One Degree South

Steve Snook

One Degree South is a sweeping tale of love, politics and witchcraft set in the oil-rich nation of Gabon just as the Cold War ends. The U.S. relationship with African dictators suddenly changes and election fervor, which dominates the headlines in African capitals, sweeps through the remotest of tiny villages.
Stephen L. Snook’s One Degree South is one of the most powerful first novels I’ve ever come across. Snook is both a master storyteller and a perceptive and insightful observer. The novel is part love story, part political narrative and part supernatural thriller.” — Twin Cities Arts & Opera Critic William Randall writing at
Stephen L. Snook’s One Degree South is a colorful African tapestry of romance, mystery and a little witchcraft. This debut novel by an author who worked in Africa for 25 years is a perfect summer read.” — Mary Ann Grossmann, Saint Paul Pioneer-Press
Stephen L. Snook is a specialist in international development who has spent over 25 years living and working in Africa. In addition to Gabon, where he served as a Peace Corps volunteer, he has worked in (or visited) Botswana, the Central African Republic, the Democratic Republic of Congo (formerly Zaire), Ghana, Guinea, Kenya, Liberia, Mozambique, Rwanda, Senegal, Somalia, South Africa, Tanzania, Zambia, Zimbabwe and Haiti. Steve has a doctorate in political science from the University of Florida. He is married, the father of three daughters, and currently lives in Vermont. This is his first novel.

Amazon Reviews—

Lauren Montgomery-Rinehart writes: Beautiful, perceptive, and human account of the encounter of two worlds…that become one. This is a beautifully and intelligently written book. If you like politics, world cultures, and keen insight into the relationships between two Others, this is the book for you. If you enjoy reading about Peace Corps, Gabon, or Africa, this is the book for you. I love the characters and the voice. I love the language and cultural insights. This is a 100% enjoyable read. I found myself getting lost in the narrative and world Snook created.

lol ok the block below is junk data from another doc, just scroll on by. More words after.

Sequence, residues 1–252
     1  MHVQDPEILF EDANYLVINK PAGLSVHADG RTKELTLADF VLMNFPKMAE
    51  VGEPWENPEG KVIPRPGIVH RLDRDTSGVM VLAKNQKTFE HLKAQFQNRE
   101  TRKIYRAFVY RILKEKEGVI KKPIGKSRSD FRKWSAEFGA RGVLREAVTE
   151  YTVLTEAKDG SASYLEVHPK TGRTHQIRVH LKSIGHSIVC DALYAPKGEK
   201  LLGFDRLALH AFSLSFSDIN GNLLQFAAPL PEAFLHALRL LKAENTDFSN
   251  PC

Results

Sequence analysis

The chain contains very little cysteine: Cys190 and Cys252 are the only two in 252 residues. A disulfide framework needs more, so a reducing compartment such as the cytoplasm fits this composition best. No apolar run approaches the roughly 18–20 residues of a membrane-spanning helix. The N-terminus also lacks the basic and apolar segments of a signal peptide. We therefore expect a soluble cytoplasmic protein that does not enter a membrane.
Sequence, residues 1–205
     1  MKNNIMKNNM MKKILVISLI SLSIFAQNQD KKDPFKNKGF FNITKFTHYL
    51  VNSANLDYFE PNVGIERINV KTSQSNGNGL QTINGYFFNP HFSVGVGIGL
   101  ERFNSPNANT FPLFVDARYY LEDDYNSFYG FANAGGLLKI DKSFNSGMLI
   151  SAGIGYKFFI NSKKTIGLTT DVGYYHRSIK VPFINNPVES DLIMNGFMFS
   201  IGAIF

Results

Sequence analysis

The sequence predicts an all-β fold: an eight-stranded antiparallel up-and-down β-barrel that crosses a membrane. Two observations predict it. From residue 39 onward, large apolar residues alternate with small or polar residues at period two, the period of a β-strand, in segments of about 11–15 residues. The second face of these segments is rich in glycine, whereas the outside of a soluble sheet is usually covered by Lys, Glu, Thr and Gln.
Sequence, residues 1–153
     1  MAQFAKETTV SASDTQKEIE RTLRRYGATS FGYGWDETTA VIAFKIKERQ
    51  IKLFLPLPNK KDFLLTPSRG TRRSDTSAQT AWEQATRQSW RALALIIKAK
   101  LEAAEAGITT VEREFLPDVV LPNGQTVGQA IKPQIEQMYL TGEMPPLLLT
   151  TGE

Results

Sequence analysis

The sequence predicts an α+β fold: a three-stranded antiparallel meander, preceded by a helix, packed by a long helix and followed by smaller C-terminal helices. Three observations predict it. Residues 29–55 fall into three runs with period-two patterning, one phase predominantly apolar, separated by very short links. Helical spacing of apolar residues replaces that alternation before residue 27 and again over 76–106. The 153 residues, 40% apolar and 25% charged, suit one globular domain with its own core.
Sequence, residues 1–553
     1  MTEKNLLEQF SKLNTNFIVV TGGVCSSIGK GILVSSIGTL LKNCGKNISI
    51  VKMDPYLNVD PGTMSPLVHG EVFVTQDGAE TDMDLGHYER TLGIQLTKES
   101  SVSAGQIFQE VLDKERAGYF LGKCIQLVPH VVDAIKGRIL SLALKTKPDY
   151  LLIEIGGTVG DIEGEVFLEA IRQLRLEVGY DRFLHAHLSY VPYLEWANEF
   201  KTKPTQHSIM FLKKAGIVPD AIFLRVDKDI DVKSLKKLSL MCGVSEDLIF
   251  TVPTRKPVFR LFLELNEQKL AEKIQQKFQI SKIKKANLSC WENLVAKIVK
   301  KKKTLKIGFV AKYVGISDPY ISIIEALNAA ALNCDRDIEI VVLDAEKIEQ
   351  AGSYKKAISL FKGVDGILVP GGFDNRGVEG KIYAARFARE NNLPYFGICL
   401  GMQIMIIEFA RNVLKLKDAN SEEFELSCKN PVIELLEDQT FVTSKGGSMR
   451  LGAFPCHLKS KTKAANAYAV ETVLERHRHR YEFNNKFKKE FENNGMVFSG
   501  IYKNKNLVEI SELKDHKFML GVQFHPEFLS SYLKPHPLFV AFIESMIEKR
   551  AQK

From Mike Livingston: Fantastic reading! Extremely well written and vivid in it’s descriptions of the terrain and the people in that part of the world.

Eros in Autumn

Steven Schild

The rather raw curiosity at the heart of Eros in Autumn, by Steve Schild, is among the many reasons you’re going to admire the short poems you are about to experience. Rather than wither and retire into some social stereotype of what a man, a poet, a professor, husband, son and father ought to write about as he grows long in the tooth, Mr. Schild confronts the sudden change from man to old man head on, challenges his most intimate perceptions and boldly questions the perceptions looking back at him, whether from the candor of a bathroom mirror or the scruples darkening a young woman’s beautiful eyes.—Publisher’s preface by Shipwreckt Managing editor Tom Driscoll
Congratulations to Steven Schild, author of Eros in Autumn (Up On Big Rock Poetry Series, 2014), for bringing home a silver medal for best poetry at the Midwest Book Awards gala. And congratulations to Shipwreckt Books Publishing Company for holding its own against 90 publishers from 11 states.


Dogma Charlie 21


Glen Timm

as told to Debbie Kuehn

My Unique Life & WWII

A riveting memoir by a Minnesota Veteran of wars in Europe, Japan and Korea

This is the story of Glen Timm, a sharp young man from the rural Midwest, born in 1922, just in time to be the perfect age to sign up for World War II as the U.S. was in the thick of it. Feeling dejected because of his early hair loss at 17, Glen waived his opportunities to go to university on a scholarship, instead intending to serve overseas. His first choice, the Navy, however, also rejected him for his hair loss and he signed up with the Army instead, shooting to the top of his class at Officer Candidate School, and never looking back as he assumed command of an engineering platoon. – from the preface by Debbie Kuehn

The Sailing Master, Book One: Coming of Age

Lee Henschel Jr.

$4.50 – Buy a Kindle copy online


In 1798 Bonaparte strides across the stage of Europe. He now covets Egypt and the newly commissioned frigate HMS Eleanor deploys into the Mediterranean on a covert mission to help check the tyrant’s ambitions.
Thus begins The Sailing Master . . . a novel of the sea, and the coming of age for its narrator, Owen Harriet. At just twelve years old, Owen joins Eleanor to serve as cabin boy for his uncle, Captain James Cedric. The boy’s mathematical prowess draws the attention of Mr. Lau, Eleanor’s sailing master, and due to the frigate’s heavy losses at sea, Owen quickly advances. But Owen also possesses a secret, the capacity to perceive and comprehend . . . the Sukiyama.

Amazon Reviews—

Paulmer writes: First rate historical nautical novel. The book reads like a hard charging rhinoceros on steroids. I pretty much read it in one sitting and can’t wait for the next one to come out.

Lost Lake Folk Opera – V2N1

Special Vietnam War Turns 50! issue

In this Issue
The Vietnam War Turns 50!
Tim Walz Interview
Don’t Dodge the Draft
Ron Glasser
Odyssey across America
Hal Cropp
Time has come to clarify.
Emilio DeGrazia
Larry Johnson
What is Vietnam, after Iraq?
Steve Sarvi
The Unseen
Lee Henschel Jr.
Back from Vietnam
Dee Slinde
What do Baby Trolls Eat?
Rose Arrowsmith DeCrux
Forty-seven Years Cold
J.P. Johnson
Warm Sundays
Jake Teeny
There was a Man Who Lived
Molly McDonald
Let Us be Merry
Nicole Borg
Unwise Words – 2 poems
James Scannell McCormick
Ed Bok Lee
Lanesboro’s Crown Jewels
Bucheit & Seiler
I Hear a Folk Opera
Tom Driscoll